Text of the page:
- Linking mechanics: We're finally gonna support linking stuff to the front end of trains, the new linking mechanics are completely independent from the collisions this time around, no more accordions, and they intertwine directly with the movement, meaning no more cars falling behind at high speeds, and less of a performance hit. The new system is fully based on UUID's so no more mistaking the wrong stock when loading. And to top off all that, you'll finally be able to couple and decouple the front and back of trains and stock independently.

- Multiple passengers: Fun trivia, boats in 1.9 weren't the first to implement multiple passenger systems, Traincraft did it way back in 1.3, but it wasn't very reliable so they removed it. With TiM we will once again have support for multiple passengers, and even passengers in trains, or, I guess that makes them trams.

- New GUI's and mixed stock types: Just like how some trains can have passengers, other stock can be mixed too. Currently in Traincraft 017 and later we have the DRG Combo car, but it's not a true combo car, we can only make it passenger or freight, in a similar stance we have the rheingold diner cars, they are passengers with kitchens you cant cook in. With TiM we'll be able to make them able to do both jobs they were meant to, at the same time through a heavily reworked GUI system, which is also designed to use the default textures, that way your ancient texturepack you've been nursing from 1.5 will have full support out of the box day 1.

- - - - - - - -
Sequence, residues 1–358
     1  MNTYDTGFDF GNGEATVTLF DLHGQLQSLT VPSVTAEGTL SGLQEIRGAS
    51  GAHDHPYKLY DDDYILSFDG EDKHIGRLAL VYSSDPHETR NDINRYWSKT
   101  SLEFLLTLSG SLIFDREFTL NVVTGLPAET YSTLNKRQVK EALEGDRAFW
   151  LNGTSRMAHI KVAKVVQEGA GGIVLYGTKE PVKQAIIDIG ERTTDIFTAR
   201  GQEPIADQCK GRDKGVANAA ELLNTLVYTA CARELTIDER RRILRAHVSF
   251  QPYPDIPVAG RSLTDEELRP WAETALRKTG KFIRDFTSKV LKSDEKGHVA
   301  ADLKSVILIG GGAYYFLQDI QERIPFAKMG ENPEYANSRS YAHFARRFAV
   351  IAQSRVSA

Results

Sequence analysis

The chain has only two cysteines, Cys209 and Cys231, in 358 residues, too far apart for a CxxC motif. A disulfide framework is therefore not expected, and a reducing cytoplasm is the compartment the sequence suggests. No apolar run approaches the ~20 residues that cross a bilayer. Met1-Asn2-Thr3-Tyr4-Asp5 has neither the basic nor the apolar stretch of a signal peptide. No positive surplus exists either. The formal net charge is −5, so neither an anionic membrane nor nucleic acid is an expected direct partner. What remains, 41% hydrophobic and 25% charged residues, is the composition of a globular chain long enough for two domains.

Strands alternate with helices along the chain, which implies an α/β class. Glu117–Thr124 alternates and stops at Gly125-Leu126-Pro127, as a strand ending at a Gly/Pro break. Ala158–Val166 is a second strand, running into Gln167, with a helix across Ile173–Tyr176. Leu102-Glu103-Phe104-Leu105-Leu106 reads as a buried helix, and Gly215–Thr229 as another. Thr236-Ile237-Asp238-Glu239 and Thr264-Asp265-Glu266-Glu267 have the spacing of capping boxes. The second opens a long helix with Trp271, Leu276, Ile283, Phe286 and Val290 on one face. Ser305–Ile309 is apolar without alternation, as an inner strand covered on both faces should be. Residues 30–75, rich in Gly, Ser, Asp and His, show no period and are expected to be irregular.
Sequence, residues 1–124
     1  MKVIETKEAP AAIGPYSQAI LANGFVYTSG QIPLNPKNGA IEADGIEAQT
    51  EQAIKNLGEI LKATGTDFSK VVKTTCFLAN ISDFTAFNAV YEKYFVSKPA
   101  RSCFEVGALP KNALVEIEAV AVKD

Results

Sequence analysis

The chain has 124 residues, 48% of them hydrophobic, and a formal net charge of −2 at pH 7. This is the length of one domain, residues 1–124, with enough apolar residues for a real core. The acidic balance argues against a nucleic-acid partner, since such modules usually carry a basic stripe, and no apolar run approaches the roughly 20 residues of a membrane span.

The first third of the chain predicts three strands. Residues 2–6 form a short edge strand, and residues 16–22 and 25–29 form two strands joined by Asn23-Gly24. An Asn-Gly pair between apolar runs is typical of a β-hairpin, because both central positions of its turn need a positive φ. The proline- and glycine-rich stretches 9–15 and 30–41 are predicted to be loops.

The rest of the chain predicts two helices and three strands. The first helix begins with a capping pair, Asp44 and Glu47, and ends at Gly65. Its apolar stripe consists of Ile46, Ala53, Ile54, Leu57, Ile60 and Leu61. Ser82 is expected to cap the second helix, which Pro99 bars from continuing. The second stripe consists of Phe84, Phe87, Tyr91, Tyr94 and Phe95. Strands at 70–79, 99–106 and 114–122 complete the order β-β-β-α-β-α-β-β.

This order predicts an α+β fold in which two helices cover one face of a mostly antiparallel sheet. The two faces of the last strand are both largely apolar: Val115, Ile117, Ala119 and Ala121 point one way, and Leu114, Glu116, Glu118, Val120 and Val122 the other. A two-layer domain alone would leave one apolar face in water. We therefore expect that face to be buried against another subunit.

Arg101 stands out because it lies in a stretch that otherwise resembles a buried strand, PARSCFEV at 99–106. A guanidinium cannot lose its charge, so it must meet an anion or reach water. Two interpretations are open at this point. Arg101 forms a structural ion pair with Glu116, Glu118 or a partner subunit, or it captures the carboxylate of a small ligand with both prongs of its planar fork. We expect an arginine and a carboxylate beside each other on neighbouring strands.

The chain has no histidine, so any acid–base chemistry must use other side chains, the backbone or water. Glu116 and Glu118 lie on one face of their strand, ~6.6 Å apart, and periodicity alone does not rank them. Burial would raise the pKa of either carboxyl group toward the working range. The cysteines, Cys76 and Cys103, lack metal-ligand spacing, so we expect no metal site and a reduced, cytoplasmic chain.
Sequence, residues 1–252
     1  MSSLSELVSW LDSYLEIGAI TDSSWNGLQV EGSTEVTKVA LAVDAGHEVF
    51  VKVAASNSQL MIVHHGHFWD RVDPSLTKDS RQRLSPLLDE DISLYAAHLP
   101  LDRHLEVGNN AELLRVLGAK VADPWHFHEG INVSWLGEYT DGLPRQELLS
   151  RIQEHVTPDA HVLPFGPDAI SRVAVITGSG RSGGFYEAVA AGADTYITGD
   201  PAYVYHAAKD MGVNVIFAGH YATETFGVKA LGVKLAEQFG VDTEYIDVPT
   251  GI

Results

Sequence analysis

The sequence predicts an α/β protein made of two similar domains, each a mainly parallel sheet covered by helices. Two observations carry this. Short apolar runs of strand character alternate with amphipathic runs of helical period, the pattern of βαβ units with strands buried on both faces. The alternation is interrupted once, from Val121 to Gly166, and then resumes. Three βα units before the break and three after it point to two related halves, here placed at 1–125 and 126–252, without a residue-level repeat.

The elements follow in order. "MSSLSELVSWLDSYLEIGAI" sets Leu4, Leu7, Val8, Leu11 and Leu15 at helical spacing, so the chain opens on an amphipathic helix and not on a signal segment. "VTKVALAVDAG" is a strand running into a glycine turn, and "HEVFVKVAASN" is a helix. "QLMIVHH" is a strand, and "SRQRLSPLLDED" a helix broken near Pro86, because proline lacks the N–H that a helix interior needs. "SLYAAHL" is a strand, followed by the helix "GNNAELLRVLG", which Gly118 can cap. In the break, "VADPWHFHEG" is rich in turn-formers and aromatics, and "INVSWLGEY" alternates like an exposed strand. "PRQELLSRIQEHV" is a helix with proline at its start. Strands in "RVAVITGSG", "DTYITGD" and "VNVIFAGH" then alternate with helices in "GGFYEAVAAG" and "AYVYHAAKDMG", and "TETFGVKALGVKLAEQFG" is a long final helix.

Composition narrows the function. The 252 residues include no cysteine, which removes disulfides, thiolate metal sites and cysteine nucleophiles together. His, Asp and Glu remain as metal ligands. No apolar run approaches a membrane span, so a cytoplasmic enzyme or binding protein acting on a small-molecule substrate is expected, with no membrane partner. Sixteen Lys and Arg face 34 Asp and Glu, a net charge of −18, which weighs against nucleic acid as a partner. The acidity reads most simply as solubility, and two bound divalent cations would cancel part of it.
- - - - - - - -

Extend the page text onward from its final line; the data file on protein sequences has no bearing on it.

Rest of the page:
Or is that just me? I've been nursing steelfeathers....

- Multiple forge versions: There's a lot of work gone into reworking forge methods, but it's not just for performance, forge likes to change things a lot, and the less of their stuff we rely on, the easier it is to port the code from version to version. We currently have plans to support 1.7.10, 1.8.9, 1.9, 1.10, and 1.12. However 1.13 is still unconfirmed as we're not sure how horribly they will destroy the API there, and 1.14 is not planned for support because of how horribly the API is destroyed, even basic stuff is a pain to do in that thing because the devs want the code to be trendy.
What they need as a pre-psych ward Linus Torvalds, because 1.14 is just cancer from concentrate, the community, the API, everything.

- More to come:
Currently I am in the process of reworking the rails, I already finished all the core stuff, now it's just finishing the procedural generation and cleaning up. The new rails are fully procedural generated as a bezier curve from 3 or 4 points, both the path the trains follow, and the model to display it. Segmented into 3 points per block, it's smooth without feeling out of place in the game. And you will be able to change it with any block you like for ballast and ties, along with any ingot you like for the rails, with the stats of the block effecting the stats of the rails.